“My kingdom,” said Jesus, “is not of this world” (John 18:36).
The question is, do we know what these words mean?
For some, the phrase “not of this world” draws a line of demarcation between the “spiritual” and “secular” worlds. The assumption being that spiritual is good, while secular is bad.
A letter from the apostle John (the same John who recorded Jesus’ “not of this world” statement) is sometimes quoted in support of this idea:
Do not love the world or anything in the world. If you love the world, love for the Father is not in you. For everything in the world — the cravings of sinful people, the lust of their eyes and their boasting about what they have and do — comes not from the Father but from the world. The world and its desires pass away, but whoever does the will of God lives forever.
Along similar lines, some think the phrase “not of this world” indicates a heavenly, eternal life — as distinct from this earthly, temporal life. Which may be why some Christians like to sing, “This world is not my home / I’m just passing through…”
But what if that’s not what “not of this world” means? What if this world is our home and we’re not just passing through?
Come to think of it, “the world” referred to by John has to be something different, unless the psalmist was wrong when he wrote:
The earth is the Lord’s, and everything in it, the world, and all who live in it…
(Incidentally, Paul uses this psalm to argue that early Christians were free to eat meat sold at the public market — meat that likely had been sacrificed to a pagan god before being sold to the masses.)
The concept of separating sacred from secular (and spiritual from physical) is not new. During the early days of Christianity, it was called Gnosticism. The New Testament writers and early church fathers rejected this separation as heresy.
But there is an even older idea than Gnosticism; it’s the notion that God made the world good. It is as old as creation itself. In the opening chapter of the Bible, God sees that his creation is “good” not once, but seven times. In the Jewish context, the use of the number seven is anything but arbitrary. The number seven indicates that creation is good in a complete and total sense; it is exactly as God wants it to be. And no amount of sin and darkness can completely erase that kind of good — the kind that comes from an all-powerful, all-loving God.
If this world and everything in it belong to God, like the psalmist believed, then it doesn’t seem right to make a distinction between “sacred” and “secular.” It’s all God’s, so it’s all sacred.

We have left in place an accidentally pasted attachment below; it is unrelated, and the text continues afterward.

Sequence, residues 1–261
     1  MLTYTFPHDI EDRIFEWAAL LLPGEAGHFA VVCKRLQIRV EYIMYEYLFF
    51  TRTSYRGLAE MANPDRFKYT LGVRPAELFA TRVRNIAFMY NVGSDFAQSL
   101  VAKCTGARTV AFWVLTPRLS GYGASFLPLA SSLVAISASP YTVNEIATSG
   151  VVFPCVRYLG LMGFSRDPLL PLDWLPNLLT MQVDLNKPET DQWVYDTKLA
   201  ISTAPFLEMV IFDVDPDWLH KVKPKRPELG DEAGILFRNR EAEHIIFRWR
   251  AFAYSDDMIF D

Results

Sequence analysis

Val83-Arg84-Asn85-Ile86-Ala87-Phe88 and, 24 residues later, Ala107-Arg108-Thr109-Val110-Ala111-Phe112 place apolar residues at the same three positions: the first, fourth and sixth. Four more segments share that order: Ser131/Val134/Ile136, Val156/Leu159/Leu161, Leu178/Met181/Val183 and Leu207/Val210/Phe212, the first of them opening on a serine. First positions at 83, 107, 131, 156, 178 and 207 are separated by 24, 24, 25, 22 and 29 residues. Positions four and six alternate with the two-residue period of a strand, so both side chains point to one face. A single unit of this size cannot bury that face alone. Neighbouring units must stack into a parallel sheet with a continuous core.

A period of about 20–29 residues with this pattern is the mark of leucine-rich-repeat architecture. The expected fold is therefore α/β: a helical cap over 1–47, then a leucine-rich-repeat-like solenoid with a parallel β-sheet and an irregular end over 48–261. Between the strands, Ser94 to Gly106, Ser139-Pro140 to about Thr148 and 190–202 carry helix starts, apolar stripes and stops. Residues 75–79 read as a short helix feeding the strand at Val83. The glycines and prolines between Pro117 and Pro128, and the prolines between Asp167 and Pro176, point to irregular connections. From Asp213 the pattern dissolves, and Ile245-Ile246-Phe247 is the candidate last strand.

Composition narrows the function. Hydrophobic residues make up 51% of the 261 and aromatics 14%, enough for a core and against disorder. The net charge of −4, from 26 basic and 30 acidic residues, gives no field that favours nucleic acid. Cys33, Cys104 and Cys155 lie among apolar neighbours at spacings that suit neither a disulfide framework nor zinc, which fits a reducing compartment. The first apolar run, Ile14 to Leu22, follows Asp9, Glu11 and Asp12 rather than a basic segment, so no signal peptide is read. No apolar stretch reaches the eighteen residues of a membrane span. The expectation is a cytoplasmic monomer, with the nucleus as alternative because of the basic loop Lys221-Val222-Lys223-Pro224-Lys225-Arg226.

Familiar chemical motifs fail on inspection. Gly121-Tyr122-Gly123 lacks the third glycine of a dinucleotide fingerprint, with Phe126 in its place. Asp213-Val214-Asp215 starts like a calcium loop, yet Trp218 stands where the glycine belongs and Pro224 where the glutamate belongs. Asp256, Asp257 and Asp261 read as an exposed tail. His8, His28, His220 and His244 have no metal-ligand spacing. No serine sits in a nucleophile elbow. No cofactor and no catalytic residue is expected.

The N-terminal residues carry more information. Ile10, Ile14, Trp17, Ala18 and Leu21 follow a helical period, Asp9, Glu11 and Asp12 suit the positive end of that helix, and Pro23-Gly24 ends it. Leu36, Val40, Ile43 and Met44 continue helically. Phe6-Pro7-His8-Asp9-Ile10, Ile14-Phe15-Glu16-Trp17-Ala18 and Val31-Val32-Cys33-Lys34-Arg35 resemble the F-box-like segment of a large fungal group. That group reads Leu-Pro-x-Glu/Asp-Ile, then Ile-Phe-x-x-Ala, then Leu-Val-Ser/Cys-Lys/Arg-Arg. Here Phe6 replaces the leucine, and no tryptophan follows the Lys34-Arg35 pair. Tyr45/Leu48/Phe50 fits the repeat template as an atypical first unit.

So what does it mean to be “not of this world”?
Let’s go back to the context of John 18. What is Jesus talking about? His kingdom.
Who is he talking to? Pilate, the Roman governor of Judea.
What prompted Jesus to say his kingdom was “not of this world”? Pilate asked him if he considered himself king of the Jews.
What’s more, Jesus went on to say, “If [my kingdom were of this world], my servants would fight to prevent my arrest.”
For Jesus, the contrast is not between sacred and secular; it’s not between physical and spiritual. It’s between the powerful and the powerless. Between the violent and the nonviolent. Between those who rule at the expense of the poor and those who serve on their behalf. Between those who deify human power (as the Romans did with their emperors) and those who recognize God is the only one with any real power.
What makes Jesus’ kingdom “not of this world” is precisely the fact that his servants will not fight to prevent his arrest. They will not use their power against others; they will not resort to violence. They do not swallow the Roman ideology of “peace through victory” but instead pursue peace through justice, salvation, redemption, and mercy.
When John warns us against the love of the world and all that comes with it — the cravings of sinful people, the lust of their eyes, and boasting about what they have and do — maybe what he’s warning us against is the love of power. The addiction to our own self-importance and our ability to control others.
Maybe, in the end, we are called to love the world. Not the world as it is now, but the world as God sees it and means it to be.